A ROBBER apologised to staff at a village convenience store as he raided the premises at knife point, telling them “times were hard”.

But, less than a fortnight later, Barry Taylor carried out another robbery, at a shop in a nearby village.

Durham Crown Court heard that having been in work at the start of the Covid-19 lockdown, Taylor had lost his job by the time of the first raid, at the Eco Store, in Langley Park, on May 14.

Martin Towers, prosecuting, said he entered at 7am shortly after the premises were opened and made an attempt to cover his face.

He threatened an assistant with a knife, demanding money and tobacco.

Taylor was heard to say: “Sorry, I’m having to do this. Times are hard.”

He left with £245 in cash from the till and with £80 worth of tobacco products.

Taylor was seen entering McColl’s, in Witton Gilbert, at 7pm on May 27, and was recognised by staff having been in the premises earlier that day stealing items.

Mr Towers said he again demanded money at knifepoint and this time took £615.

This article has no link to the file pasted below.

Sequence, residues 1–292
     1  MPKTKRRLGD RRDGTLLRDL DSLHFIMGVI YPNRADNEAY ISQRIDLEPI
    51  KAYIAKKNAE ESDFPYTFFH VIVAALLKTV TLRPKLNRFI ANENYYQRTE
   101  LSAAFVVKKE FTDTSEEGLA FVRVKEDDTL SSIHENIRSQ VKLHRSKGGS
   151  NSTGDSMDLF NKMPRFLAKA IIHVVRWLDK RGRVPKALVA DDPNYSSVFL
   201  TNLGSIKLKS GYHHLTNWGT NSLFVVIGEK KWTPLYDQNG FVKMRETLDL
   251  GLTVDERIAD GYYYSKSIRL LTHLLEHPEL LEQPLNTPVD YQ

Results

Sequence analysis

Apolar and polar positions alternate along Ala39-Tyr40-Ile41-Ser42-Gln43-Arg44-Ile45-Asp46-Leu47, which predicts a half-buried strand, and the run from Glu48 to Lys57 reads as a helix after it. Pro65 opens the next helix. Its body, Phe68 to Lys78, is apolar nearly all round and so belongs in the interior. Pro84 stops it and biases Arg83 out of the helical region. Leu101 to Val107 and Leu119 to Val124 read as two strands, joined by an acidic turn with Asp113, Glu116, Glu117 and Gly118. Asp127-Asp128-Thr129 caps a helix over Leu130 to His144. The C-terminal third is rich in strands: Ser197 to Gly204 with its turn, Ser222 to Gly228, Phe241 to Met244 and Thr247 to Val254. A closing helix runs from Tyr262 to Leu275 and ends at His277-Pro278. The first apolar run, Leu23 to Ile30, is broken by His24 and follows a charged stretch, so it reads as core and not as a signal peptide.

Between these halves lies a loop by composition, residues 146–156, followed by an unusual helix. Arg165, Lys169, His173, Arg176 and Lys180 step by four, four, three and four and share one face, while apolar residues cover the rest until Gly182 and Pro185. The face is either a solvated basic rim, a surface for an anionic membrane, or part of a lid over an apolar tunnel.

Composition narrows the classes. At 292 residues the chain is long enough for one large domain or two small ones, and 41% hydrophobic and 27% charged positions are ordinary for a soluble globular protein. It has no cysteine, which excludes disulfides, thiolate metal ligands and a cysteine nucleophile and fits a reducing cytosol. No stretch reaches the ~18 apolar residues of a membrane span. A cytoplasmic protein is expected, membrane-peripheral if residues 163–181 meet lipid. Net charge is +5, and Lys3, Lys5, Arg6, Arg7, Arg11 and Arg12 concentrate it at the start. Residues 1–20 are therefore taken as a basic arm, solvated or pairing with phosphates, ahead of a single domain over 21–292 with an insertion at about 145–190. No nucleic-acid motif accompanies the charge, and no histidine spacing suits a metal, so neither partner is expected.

One of the two assistants present told him to “get out”, so he turned and pointed the knife towards her stomach.

Police responding to an emergency call arrested him nearby, as he matched the description of the robber.

Some of the stolen money from the shop was found stuffed in his clothing and he was identified as the perpetrator on store cctv.

Having initially made no comment, Taylor made admissions, telling police he was “down on his luck” and drunk in the first robbery and in the second he “felt down” at having no money.

Mr Towers said the two women working at McColl’s were so distressed at the ordeal that they have been unable to return to work.

Taylor, 35, of Lilac Avenue, Sacriston, who has 43 previous convictions, admitted two counts each of robbery and knife possession.

Lewis Kerr, mitigating, said having lost his job shortly after lockdown Taylor turned to drink and suffered a deterioration in his mental health.

Mr Kerr said Taylor almost wanted to be caught after committing the second robbery but was also remorseful about the effect on the shop staff involved.

Imposing a six year and eight month prison sentence, Judge James Adkin said the great impact on all the women involved was an aggravating feature of the offences.